The Complexity Of Life





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Published on Oct 7, 2009

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For centuries, the standard approach of science has been to understand nature by breaking it down into smaller and smaller pieces. Consider a flower. If we study flowers in their natural environment, their various forms and features that makes us botanists. But in order to really understand how a flower works, how photosynthesis keeps the flower alive and allows it to grow, we have to get inside the flower. We might then study the cells that make up a flower, how the parts of the cell function, and how they are similar to cells of other living organisms. A cell biologist seeks to understand flowers on this level.

But in order to understand how cells function, we need to understand the complex biochemistry of the cells metabolism. And in order to understand how the flowers cells divide and reproduce, we have to understand the operation of DNA. The biochemist and the geneticist, then seek to understand the flower on a deeper level still.

The study of organic molecules and DNA takes us down to the level of basic chemistry. How do atoms and molecules interact and combine with one another? This is the realm of the chemist. And understanding the forces at work inside atoms is the job of the physicist.

Through this approach - breaking down the flower into smaller and smaller parts, and understanding how those parts function we have built up a deep and comprehensive view of the laws of nature, from biology down to chemistry and from chemistry down to physics. But there is a limitation with this approach. Somewhere along the way we lost the flower. In other words: By breaking the flower down into simpler and simpler pieces, weve lost sight of the complexity that makes a flower what it is.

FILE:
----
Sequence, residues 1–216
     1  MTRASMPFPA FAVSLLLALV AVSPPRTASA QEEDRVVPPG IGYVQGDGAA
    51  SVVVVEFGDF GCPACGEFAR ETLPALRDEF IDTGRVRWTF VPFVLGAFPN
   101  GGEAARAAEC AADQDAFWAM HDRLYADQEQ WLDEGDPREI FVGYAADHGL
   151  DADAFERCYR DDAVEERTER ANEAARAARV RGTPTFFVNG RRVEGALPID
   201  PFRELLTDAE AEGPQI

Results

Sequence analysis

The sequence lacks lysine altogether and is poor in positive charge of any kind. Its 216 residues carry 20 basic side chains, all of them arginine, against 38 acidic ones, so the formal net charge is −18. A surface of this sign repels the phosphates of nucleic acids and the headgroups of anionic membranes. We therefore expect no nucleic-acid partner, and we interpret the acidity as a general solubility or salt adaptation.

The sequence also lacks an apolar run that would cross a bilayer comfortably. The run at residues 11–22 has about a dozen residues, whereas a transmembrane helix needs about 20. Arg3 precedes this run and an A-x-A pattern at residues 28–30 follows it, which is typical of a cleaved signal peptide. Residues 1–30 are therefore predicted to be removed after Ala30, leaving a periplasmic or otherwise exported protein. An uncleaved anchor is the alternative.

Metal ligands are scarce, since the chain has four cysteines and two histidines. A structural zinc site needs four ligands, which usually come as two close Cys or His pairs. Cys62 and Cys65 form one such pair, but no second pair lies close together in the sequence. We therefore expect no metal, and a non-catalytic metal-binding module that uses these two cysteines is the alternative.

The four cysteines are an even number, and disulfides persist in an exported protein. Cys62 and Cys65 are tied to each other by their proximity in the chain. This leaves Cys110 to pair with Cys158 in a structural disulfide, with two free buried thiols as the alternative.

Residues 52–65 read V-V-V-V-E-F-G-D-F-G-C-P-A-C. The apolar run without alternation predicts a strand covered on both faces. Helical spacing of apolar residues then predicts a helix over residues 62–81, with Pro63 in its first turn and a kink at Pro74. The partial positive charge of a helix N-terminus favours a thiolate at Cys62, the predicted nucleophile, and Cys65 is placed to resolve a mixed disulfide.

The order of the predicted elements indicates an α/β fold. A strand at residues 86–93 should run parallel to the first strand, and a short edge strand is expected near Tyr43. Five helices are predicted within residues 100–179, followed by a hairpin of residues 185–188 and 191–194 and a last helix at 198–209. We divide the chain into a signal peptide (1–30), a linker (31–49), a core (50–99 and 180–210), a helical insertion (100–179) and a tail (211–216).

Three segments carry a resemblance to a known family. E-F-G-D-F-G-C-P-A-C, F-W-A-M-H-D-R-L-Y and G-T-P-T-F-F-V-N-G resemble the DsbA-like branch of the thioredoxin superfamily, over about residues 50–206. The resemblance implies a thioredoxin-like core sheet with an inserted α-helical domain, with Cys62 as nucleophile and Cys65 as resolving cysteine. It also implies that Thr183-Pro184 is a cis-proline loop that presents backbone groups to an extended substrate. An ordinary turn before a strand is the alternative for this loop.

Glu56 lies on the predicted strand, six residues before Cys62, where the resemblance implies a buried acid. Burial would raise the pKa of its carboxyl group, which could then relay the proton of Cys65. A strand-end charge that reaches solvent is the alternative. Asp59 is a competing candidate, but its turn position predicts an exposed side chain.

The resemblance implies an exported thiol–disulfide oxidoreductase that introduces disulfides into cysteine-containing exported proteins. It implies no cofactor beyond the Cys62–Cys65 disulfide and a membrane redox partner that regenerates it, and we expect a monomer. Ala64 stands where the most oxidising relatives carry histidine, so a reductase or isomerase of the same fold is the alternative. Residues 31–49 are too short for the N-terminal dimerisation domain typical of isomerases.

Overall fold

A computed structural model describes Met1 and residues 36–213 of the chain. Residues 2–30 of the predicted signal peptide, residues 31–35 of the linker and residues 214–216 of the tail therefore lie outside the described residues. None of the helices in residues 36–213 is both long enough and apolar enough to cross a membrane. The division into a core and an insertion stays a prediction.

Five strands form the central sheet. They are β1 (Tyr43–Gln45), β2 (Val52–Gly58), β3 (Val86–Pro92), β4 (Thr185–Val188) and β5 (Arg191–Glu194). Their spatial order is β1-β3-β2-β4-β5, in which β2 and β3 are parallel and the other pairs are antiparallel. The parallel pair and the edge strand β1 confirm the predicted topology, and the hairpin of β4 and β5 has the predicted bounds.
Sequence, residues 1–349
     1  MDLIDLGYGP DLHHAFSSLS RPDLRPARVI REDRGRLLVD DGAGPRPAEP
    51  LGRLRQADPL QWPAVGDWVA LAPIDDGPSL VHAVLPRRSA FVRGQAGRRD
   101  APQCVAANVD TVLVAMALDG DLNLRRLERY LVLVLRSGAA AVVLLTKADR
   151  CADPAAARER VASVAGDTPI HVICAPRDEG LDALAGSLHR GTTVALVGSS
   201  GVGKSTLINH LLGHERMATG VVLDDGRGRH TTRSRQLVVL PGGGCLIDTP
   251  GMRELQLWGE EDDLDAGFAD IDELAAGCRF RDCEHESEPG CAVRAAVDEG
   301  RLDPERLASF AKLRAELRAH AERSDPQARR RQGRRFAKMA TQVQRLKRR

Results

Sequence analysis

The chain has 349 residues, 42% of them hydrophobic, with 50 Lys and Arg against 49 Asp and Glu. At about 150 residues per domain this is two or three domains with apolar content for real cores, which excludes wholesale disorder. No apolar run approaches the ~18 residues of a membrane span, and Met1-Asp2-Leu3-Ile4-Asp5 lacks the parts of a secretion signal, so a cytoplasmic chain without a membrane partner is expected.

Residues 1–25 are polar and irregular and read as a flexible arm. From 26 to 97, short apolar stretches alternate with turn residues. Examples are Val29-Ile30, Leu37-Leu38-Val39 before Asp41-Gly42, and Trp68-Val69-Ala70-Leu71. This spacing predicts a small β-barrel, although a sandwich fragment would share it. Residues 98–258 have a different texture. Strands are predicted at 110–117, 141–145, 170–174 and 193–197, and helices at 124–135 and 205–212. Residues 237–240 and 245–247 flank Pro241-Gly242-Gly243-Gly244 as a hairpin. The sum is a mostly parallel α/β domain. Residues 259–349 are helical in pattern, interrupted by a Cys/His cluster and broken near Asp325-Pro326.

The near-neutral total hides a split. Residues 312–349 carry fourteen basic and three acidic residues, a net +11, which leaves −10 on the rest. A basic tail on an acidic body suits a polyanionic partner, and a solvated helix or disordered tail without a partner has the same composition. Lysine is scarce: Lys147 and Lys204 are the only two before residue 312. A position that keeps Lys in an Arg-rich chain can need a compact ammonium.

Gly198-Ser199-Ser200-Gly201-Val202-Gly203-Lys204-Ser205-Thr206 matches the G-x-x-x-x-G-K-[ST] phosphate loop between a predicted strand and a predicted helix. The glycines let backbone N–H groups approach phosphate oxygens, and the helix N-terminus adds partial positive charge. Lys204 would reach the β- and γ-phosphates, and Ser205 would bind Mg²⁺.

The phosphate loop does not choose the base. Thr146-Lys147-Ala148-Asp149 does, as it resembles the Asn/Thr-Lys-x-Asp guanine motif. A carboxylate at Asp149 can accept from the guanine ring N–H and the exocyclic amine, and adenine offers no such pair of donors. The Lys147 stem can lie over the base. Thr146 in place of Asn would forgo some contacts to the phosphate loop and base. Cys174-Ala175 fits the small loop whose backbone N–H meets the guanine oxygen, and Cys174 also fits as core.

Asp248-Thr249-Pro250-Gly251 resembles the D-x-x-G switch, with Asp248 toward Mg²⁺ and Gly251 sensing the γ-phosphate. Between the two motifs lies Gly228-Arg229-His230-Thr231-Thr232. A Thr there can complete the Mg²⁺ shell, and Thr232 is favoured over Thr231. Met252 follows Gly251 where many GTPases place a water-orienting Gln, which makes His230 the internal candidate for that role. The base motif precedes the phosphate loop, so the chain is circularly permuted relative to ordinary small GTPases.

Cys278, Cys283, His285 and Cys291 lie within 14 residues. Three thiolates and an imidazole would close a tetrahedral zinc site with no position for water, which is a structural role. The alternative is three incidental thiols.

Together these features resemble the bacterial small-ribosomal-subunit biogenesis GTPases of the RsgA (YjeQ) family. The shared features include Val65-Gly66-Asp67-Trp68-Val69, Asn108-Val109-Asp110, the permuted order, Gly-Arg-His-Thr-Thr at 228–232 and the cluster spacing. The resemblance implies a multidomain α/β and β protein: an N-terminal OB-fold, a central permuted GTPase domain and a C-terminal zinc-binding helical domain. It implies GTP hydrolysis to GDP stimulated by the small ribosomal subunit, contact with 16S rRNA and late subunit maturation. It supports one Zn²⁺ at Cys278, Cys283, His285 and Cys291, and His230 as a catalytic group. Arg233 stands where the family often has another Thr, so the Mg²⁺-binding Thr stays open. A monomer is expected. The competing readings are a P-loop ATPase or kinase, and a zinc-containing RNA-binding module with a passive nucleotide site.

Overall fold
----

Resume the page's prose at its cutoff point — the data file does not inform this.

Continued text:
Is there a different approach? Is there some better way to understand complex systems; not by examining how their parts function, but by understanding how the parts come together to create something that is - in a sense - more than just the sum of its parts?

Some scientists believe that order and complexity are inevitable. The study of systems as diverse as board games, computer programs, and ant colonies has revealed some remarkable features of complex systems. Rules much simpler than those of physics and chemistry can result in a great deal of complexity.


Consider a board game like chess. The game is based on a simple set of rules. Even young children can learn the rules of chess well enough to play. But while the rules of chess are simple, the game is incredibly complex. It has been estimated that the total number of possible chess games is greater than the number of quarks and electrons in the entire cosmos. With only 32 pieces, operating under a simple set of rules, the complexity of the chess universe is astounding.

Where does the complexity of the game of chess come from? Its not the individual moves of the pieces; its the way those pieces affect one another; the way each move depends on the previous turn; the way the possibilities multiply each time a piece is moved.


The Cassiopeia Project - making science simple!

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